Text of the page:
While, as Lord and Witcombe highlight, they are a good starting point; risk profilers aren't infallible - as IFA Robin Wood from Parkhouse Financial Services attests. "I once had an 83-year-old woman who answered a risk profiler's questions honestly and philosophically. She came out as an adventurous risk-taker," he says in disbelief.
Earlier this year, the Financial Services Authority sounded a warning over the suitability of many risk-profiling tools, saying that many can lead to flawed results.
Out of 11 risk-profiling tools, it found nine to have weaknesses that could lead to "flawed outputs" - adding more weight to the argument that risk-profiling tools are just the first part of a long conversation about attitudes to risk.
Change is afoot, though, in the form of new "emotional" risk profiles that focus on personality. Psychological Consultancy's Risk Compass, and Portfolio Metrix, a new risk profiler and discretionary management product, have sprung up on the market as a response to a "lack of consistency" in the industry, according to Psychological Consultancy's managing director Geoff Trickey.
"Traditional risk profilers ask nothing substantive or emotional, or they assume prior knowledge of the client," Trickey comments. "Personality is very pertinent when taking risks. We consider five major aspects of personality, four of which have some input in risk taking."
Clients who use the Risk Compass will come out as one of eight risk types. There are four pure types, like the points on a compass: north, south, east and west. Then in between the points there's a mixture of the two - north-east, south-east, south-west and north-west. These correlate to eight different risk 'types'.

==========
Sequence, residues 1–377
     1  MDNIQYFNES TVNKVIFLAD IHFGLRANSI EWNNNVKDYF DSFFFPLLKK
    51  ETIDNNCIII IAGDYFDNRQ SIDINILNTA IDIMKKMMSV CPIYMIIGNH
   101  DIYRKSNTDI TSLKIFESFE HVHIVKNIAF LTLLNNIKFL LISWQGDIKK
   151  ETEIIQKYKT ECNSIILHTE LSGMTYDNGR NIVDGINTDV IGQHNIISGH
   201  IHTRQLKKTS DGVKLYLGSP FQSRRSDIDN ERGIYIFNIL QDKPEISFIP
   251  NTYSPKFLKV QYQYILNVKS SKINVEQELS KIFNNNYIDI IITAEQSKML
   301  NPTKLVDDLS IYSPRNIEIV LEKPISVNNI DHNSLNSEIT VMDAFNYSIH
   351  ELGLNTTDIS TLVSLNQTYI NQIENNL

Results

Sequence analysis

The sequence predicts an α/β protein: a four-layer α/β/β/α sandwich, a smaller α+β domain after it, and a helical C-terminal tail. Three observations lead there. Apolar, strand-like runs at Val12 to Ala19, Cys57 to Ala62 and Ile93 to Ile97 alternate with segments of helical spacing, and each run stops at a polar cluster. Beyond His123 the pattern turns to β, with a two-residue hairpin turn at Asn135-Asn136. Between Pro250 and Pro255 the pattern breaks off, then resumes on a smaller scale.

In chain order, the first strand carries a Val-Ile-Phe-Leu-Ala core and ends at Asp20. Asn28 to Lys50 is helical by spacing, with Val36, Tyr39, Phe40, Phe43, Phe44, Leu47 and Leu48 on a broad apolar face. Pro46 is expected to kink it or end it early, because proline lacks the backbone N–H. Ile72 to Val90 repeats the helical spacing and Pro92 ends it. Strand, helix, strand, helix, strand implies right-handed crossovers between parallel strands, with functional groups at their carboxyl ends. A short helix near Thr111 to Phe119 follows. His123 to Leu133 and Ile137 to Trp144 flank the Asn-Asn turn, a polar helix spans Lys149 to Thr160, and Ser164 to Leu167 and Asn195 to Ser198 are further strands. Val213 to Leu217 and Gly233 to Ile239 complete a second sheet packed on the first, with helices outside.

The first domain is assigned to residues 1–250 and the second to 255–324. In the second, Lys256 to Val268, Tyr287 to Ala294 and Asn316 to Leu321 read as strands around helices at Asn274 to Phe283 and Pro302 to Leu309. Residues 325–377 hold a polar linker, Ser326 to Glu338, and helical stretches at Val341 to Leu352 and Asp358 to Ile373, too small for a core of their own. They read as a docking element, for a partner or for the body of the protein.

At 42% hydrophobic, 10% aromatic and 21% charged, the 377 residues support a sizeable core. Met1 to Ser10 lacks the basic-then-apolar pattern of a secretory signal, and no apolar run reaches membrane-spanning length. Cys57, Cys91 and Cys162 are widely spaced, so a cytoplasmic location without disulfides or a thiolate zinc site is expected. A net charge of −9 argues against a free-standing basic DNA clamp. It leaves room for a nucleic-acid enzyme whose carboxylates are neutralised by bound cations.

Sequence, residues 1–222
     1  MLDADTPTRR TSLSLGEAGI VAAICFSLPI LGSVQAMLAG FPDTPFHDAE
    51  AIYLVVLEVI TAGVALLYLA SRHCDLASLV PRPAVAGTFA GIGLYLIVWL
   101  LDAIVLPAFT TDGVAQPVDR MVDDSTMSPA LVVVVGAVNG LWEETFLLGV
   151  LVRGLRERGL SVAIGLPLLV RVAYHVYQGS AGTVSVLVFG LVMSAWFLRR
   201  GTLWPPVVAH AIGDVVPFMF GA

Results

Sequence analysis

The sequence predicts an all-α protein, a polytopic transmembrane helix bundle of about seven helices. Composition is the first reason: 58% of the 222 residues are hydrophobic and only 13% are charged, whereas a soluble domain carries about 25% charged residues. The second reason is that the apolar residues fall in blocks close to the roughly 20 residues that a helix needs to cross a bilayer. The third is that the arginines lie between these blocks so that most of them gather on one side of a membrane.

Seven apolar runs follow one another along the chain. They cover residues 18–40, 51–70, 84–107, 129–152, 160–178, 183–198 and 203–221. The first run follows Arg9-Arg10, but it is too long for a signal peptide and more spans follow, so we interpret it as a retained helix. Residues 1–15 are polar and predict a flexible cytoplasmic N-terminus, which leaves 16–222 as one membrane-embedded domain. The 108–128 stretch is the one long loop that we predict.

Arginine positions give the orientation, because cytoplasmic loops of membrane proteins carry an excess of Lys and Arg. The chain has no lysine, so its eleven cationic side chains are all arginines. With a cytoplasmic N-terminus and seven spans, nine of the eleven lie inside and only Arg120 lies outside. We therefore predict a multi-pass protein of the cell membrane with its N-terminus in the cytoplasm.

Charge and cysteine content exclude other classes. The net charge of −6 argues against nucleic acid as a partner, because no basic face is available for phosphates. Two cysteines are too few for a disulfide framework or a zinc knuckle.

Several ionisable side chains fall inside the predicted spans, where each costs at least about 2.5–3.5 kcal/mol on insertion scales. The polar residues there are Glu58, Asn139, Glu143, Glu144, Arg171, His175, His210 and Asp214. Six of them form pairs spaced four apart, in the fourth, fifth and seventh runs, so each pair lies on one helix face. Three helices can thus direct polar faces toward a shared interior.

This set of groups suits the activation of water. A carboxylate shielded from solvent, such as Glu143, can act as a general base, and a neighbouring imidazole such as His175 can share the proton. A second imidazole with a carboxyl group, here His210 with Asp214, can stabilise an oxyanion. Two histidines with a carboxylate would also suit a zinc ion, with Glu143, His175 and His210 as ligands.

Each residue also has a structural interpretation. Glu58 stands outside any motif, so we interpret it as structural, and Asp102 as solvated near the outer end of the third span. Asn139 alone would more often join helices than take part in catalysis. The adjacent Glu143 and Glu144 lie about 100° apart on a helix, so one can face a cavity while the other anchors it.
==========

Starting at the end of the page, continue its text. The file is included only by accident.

Rather than asking traditional "how would you feel if you lost 10% of your wealth" questions, the statements include "I believe others have good intentions" and "I trust what people say". Clients then select how far they agree or disagree on a sliding scale. Using these answers, the risk compass "distinguishes things about people that determine how they deal with risk", says Trickey.
He claims that 'risk' comes down to two key points: risk type - the deep-rooted personality trait determined in utero, and risk attitude - the more transient risk feeling, which can change with market sentiment.
So far, Columbus Wealth Management has taken up Trickey's Risk Compass, and he adds that they've seen most interest from hedge funds. That said, self-directed investors can also visit the site and do it for themselves by visiting www.psychological-consultancy.com, and paying £22.50.